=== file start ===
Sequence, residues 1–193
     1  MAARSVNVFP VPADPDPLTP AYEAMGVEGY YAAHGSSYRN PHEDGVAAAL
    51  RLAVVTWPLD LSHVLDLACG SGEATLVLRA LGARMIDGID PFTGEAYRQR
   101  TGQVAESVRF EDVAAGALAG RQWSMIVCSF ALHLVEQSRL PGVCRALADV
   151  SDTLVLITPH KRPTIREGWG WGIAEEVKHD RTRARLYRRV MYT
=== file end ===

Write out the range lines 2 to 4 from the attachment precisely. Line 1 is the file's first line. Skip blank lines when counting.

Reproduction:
     1  MAARSVNVFP VPADPDPLTP AYEAMGVEGY YAAHGSSYRN PHEDGVAAAL
    51  RLAVVTWPLD LSHVLDLACG SGEATLVLRA LGARMIDGID PFTGEAYRQR
   101  TGQVAESVRF EDVAAGALAG RQWSMIVCSF ALHLVEQSRL PGVCRALADV